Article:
Thanks to Charles Darwin and the brilliant scientists who subsequently continue to demonstrate the reality of evolution, we now understand that all life evolves.
In the early 1970s, a century post-Darwin and two decades after science began to unearth the secrets of our DNA, the evolutionary biologist and geneticist Theodosius Dobzhansky famously said that “nothing in biology makes sense except in the light of evolution.”
Those who study evolution understand that it coherently explains the relationships of millions of previously disjointed facts from the natural world, by arranging them into one logical explanatory body of knowledge that describes and predicts the observable realities of life on Earth. This overall scientific theory, now called the “modern evolutionary synthesis,” has the overwhelming support of the global scientific community.
This larger idea of evolution has become, as a result of its success in explaining the origins of life and the modification of species, a useful tool for understanding many different phenomena. Evolutionary psychology, for example, explains much of human behavior as the result of psychological adaptations that gradually evolved to solve the problems our ancestors encountered.
Baha’is believe in the evolution of religion, and in the evolution of each individual being, as well:
All beings, whether large or small, were created perfect and complete from the first, but their perfections appear in them by degrees. The organization of God is one; the evolution of existence is one; the divine system is one. Whether they be small or great beings, all are subject to one law and system. Each seed has in it from the first all the vegetable perfections. For example, in the seed all the vegetable perfections exist from the beginning, but not visibly; afterward little by little they appear. So it is first the shoot which appears from the seed, then the branches, leaves, blossoms and fruits; but from the beginning of its existence all these things are in the seed, potentially, though not apparently.
In the same way, the embryo possesses from the first all perfections, such as the spirit, the mind, the sight, the smell, the taste — in one word, all the powers — but they are not visible and become so only by degrees.
Similarly, the terrestrial globe from the beginning was created with all its elements, substances, minerals, atoms and organisms; but these only appeared by degrees: first the mineral, then the plant, afterward the animal, and finally man. But from the first these kinds and species existed, but were undeveloped in the terrestrial globe, and then appeared only gradually. For the supreme organization of God, and the universal natural system, surround all beings, and all are subject to this rule. When you consider this universal system, you see that there is not one of the beings which at its coming into existence has reached the limit of perfection. No, they gradually grow and develop, and then attain the degree of perfection. – Abdu’l-Baha, Some Answered Questions, pp. 198-199.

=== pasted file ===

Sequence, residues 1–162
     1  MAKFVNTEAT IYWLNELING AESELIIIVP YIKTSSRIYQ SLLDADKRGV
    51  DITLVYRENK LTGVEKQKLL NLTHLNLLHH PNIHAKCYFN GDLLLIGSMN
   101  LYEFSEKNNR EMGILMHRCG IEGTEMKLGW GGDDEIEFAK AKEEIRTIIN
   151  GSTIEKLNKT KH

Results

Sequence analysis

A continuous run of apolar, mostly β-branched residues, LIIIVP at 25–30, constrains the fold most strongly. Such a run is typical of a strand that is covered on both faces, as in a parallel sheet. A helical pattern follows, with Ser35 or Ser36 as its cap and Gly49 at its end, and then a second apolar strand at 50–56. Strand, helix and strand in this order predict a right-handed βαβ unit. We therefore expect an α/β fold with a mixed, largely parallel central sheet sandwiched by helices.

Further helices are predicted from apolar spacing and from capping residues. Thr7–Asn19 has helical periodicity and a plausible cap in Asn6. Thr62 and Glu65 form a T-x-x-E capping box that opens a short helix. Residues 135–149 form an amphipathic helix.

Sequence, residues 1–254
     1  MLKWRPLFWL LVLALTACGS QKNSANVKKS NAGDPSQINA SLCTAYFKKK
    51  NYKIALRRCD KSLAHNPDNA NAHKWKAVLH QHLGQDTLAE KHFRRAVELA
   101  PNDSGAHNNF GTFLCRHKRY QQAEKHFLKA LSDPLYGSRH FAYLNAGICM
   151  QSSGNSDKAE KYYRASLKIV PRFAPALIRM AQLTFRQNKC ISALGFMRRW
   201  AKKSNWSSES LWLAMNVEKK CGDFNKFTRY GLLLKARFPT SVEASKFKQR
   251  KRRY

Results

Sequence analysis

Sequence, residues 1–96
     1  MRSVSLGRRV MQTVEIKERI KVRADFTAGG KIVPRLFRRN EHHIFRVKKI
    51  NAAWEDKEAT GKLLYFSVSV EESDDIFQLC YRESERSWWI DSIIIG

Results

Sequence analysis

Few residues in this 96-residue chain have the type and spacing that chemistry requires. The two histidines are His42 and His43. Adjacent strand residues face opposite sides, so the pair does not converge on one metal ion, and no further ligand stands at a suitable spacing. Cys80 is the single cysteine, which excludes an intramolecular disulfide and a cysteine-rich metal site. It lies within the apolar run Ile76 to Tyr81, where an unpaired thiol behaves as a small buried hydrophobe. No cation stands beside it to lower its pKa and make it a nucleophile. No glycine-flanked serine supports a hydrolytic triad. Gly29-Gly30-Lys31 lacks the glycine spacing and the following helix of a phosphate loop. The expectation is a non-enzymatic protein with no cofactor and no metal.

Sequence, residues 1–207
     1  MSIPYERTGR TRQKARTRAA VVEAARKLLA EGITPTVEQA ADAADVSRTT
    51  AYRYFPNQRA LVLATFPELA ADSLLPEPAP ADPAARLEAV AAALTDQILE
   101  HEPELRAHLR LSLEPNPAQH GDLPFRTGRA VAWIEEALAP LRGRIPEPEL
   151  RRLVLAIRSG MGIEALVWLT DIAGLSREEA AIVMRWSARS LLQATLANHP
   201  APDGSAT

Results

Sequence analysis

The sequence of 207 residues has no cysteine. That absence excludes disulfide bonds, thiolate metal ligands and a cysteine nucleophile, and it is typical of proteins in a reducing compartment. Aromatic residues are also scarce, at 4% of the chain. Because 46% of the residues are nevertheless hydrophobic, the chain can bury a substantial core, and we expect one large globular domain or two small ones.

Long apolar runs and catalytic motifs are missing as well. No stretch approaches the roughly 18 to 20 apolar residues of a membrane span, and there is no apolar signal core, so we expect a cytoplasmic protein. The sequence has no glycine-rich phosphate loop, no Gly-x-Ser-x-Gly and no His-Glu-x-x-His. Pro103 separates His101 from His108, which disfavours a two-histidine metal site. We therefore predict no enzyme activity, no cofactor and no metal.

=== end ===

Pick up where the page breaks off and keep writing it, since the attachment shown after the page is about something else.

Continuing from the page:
This sophisticated Baha’i cosmology, which actually preceded Darwinian thought, links the gradual evolution of every living thing—but also extends it to entire systems. In other words, entire systems evolve just as individuals evolve over the course of their lives. When Abdu’l-Baha says “the Divine system is one,” he refers not only to the biology of nature but to the entire system of revelation and religion.
In other words—every living organism has to evolve, grow and adapt as it matures; and every large organizational system, if it expects to survive, must do the same. The law of evolution and adaptation holds true for businesses, governments, educational institutions—and religion.
This new understanding of the unity of all Faiths resonates with the contemporary science called systems theory, which explains how complex systems interact by exploring their inter-relationships. For Baha’is, all religious systems come from one God, and that loving God does not intend to create competing or conflicting camps among people. Instead, the Creator gives humanity a sequential series of evolutionary beliefs that link together as one overarching system:
Baha’u’llah continually urges man to free himself from the superstitions and traditions of the past and become an investigator of reality, for it will then be seen that God has revealed his light many times in order to illumine mankind in the path of evolution, in various countries and through many different prophets, masters and sages. – Abdu’l-Baha, Divine Philosophy, pp. 8-9.
The Baha’i teachings pivot around this central point. For Baha’is, believing in Baha’u’llah never involves rejecting or giving up the love they have for the founders and prophets of their ancestral religions—instead, it means accepting the teachings of the world’s major Faiths and their great Teachers as a unified system of spiritual education and enlightenment.